To quote my respected counsellor “There are no monsters, just those who are given bad scripts. It’s up to us to rewrite our own.”
26th November 2015 at 5:22 pm #5798
It does make sense must be how counsellors see abuse. She says Iv already stopped the pattern with my children on my own they will never be victims or pushovers! they won’t be abusive either! i cannot fathom why they wont change their patterns though? i find abusers to be miserable in their own lives why wouldn’t they want to change?
my counsellor basically said she pitied him as he must be suffering and have suffered due to unrealistic expectations about his own life. he has had his wishes unfufilled just as i have mine! Atleast i can see mine and get help though!
yes didi youve put it allot simpler than i have x
26th November 2015 at 6:59 pm #5800SaharaDParticipant
I think that your counsellor is wrong.
Fact: He carried out abusive behaviour on you. That makes him abusive.
If I were you I would challenge her on that. But I like to challenge people’s opinions. Don’t just swallow everything your counsellor says. They are supposed to guide you to your own conclusions not fill your head with their own opinions.
Pity him…who came out worse really? You were both suffering from your childhood and he took it upon him self to give you a double dose so now you not only have to recover from your childhood but also the effects of his behaviour on you. He’s not suffering what you did to him..He is still suffering from his childhood.
Regardless of upbringing we all know what is wrong. I admitted to the authorities that I hit my husband after a torrent of verbal and emotional abuse from him. Real abusers would never say this. They would never admit fully that they have a problem. They lie and lie and lie themselves into circles.
Our parents give us a blue print for 18 years and sometimes we have to knock down the building and rebuild that building from the ground up. I always knew deep down my parents were right on certain things.
They know what they are doing is wrong but something in their mind explains it all away and gives them the excuses to carry on. Because although they are weak, they can’t show weakness because they believe that you must not show weakness. They lie to themselves and they are happy doing that.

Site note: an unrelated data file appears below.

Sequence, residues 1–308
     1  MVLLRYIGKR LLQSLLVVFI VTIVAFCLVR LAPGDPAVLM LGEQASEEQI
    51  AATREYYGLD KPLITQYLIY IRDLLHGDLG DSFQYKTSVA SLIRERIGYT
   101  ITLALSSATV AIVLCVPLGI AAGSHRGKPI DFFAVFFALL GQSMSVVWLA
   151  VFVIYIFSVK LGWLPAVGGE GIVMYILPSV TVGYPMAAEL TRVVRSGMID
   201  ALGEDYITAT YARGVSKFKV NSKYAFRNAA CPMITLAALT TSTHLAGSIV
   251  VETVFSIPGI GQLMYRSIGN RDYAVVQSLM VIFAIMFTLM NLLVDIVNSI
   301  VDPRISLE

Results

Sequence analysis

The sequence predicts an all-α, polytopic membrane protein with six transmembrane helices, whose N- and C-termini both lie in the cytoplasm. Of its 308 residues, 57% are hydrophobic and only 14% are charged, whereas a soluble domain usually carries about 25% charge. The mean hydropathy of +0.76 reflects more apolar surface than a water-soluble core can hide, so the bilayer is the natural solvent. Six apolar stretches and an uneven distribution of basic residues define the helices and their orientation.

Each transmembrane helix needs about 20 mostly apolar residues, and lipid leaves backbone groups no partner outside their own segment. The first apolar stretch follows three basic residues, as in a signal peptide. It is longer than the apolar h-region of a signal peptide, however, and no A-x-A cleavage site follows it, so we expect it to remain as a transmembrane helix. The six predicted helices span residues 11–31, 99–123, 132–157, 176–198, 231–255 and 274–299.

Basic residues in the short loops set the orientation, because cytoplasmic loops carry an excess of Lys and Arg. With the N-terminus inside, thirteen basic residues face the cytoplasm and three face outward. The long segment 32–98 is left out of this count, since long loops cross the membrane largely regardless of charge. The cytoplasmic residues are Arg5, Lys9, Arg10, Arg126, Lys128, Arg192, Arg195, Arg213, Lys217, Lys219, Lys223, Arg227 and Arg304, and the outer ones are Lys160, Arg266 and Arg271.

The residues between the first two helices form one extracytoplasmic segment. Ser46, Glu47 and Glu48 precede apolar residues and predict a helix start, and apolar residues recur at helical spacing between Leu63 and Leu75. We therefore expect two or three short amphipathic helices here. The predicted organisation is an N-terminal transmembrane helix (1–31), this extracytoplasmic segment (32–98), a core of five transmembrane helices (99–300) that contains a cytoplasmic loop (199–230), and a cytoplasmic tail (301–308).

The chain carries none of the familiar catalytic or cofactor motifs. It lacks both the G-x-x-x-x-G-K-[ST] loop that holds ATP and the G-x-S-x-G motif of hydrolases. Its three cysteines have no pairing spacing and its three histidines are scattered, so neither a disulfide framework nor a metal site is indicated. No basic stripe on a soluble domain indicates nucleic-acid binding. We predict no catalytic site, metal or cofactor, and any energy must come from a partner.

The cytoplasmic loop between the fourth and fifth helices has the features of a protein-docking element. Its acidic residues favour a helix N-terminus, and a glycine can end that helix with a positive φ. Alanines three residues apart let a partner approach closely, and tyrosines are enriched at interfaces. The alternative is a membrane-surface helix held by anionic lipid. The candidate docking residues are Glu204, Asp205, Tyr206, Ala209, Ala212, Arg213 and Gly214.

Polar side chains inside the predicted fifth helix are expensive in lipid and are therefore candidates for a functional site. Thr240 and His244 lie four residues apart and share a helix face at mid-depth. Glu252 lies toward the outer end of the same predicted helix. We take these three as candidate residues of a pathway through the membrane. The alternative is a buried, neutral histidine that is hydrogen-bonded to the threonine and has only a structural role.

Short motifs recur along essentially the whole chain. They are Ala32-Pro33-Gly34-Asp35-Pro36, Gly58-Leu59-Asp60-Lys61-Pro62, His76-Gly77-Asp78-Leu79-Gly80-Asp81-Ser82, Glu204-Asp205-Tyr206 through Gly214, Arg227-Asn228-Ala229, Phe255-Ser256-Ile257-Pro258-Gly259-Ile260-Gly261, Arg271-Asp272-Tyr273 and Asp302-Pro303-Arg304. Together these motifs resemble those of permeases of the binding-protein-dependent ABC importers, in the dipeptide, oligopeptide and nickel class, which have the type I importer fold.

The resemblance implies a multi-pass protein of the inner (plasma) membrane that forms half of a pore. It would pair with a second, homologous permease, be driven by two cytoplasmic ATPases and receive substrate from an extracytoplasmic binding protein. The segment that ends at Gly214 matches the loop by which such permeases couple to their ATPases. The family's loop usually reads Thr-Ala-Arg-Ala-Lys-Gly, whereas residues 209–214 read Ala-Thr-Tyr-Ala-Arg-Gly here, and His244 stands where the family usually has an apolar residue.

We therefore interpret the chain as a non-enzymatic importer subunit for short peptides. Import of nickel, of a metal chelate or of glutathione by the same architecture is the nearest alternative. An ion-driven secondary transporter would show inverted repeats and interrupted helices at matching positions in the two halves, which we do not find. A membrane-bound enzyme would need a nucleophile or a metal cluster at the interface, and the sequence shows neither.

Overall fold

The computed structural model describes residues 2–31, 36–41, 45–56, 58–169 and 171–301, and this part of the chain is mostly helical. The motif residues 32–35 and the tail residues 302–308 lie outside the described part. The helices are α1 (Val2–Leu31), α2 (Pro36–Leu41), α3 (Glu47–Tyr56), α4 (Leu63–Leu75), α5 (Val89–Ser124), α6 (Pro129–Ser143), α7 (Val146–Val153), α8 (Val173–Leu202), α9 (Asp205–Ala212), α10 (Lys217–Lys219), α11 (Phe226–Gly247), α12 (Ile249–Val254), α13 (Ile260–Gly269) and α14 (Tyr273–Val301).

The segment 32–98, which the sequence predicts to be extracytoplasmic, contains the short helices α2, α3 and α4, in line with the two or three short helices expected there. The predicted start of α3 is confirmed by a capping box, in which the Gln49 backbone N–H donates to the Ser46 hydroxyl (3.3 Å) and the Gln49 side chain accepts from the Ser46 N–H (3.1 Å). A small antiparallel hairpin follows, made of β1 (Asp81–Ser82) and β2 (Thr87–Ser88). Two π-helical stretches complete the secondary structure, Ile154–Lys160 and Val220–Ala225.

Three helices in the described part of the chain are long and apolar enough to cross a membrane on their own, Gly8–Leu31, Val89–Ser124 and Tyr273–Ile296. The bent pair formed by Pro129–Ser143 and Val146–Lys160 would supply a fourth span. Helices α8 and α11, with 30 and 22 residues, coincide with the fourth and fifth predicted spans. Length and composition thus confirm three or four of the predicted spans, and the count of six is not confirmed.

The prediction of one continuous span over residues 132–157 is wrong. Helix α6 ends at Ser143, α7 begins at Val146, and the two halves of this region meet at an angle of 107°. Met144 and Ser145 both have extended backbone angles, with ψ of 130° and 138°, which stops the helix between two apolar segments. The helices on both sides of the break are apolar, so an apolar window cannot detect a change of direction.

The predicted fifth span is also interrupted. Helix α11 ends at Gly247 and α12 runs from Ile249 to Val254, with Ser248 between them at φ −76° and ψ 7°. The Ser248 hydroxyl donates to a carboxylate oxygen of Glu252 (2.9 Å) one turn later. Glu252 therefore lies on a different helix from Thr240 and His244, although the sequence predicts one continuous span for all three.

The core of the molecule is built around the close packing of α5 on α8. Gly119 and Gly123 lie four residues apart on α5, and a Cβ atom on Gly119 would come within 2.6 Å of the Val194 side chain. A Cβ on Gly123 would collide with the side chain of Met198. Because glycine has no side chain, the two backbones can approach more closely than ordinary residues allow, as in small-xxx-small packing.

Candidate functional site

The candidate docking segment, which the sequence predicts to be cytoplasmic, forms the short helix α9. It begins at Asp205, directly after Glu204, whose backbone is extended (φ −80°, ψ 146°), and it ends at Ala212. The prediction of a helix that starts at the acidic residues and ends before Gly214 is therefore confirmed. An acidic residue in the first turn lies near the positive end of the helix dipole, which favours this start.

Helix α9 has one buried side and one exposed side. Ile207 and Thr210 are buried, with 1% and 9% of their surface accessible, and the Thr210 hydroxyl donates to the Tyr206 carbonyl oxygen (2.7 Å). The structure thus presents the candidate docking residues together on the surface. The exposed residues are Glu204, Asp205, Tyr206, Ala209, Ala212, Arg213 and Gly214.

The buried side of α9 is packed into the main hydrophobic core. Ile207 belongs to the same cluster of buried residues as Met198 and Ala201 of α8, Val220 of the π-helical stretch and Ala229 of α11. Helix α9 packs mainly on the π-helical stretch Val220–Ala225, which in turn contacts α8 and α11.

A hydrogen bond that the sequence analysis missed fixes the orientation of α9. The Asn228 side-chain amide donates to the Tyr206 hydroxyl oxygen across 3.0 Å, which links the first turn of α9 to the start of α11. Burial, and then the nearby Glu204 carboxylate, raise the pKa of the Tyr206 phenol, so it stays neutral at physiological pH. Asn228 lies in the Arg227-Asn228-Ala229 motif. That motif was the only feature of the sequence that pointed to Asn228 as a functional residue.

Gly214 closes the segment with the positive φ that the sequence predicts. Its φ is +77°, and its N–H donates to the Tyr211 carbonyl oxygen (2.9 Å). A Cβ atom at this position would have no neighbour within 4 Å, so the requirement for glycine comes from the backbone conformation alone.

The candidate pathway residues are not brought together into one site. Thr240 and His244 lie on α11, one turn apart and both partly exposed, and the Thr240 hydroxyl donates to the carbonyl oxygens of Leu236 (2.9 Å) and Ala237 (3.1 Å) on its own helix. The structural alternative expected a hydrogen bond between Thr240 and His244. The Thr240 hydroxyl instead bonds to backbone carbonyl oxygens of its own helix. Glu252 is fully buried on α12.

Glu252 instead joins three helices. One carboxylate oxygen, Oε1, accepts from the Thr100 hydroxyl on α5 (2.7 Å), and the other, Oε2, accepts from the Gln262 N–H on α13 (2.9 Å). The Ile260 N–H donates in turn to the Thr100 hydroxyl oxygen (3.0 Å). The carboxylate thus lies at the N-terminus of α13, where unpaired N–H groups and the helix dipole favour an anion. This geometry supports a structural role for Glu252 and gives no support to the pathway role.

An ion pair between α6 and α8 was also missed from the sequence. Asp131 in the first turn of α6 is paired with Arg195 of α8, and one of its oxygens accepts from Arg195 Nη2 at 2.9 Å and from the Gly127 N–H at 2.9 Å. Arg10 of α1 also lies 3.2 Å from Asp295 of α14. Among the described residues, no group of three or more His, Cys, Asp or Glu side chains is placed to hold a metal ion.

I think that pity for the abuser is the wrong approach in counselling. Thank God I had a DV/DA trained counsellor.
Oh I believe in monsters and if you don’t believe in them, instead of protecting yourself from them, you will find them devouring you whole.
I see it every day in my work places, toxic people, toxic environments and people who are too afraid to stand up for themselves because they say to themselves oh Non-monster must be having a bad day…(yet they have a bad day every day and they are nasty to people all of the time.)
Lots of people have bad childhoods and they don’t go around abusing people. It’s more than a bad upbringing. As lundy Bancroft said it’s a perpetuating belief system in their mind that they are somehow allowed and entitled to behave this way to their partners.
If they were really unstable, they would attempt to hurt everyone which they don’t. My husband didn’t go around threatening his colleagues or friends no matter what they did to him. But he did threaten me when I merely asked to use the dinning table to do work.
26th November 2015 at 9:55 pm #5804WanderingCloudParticipant
I would be quite offended by her approach and empathy towards the abuser. Yes, we are products of our parents and their parenting skills but it is not for you or her to justify his actions. Would she be saying that to a child who had been emotionally/physically/verbally abused by their parents.
Yes, we can change how we react, deal with abusers but surely when you go to a councillor, it is because you need help with your own emotions. As Sahara said, someone can suffer abuse at the hands of their parent but they have a choice as to whether to continue with the cycle of abuse and most people don’t. I had a narcissistic mother as a parent who emotionally abused me but I am so aware of where she went wrong, that I do my upmost not to mirror her behaviour with my own son, I look at the mistakes and know that they are not examples of a caring, nurturing mother.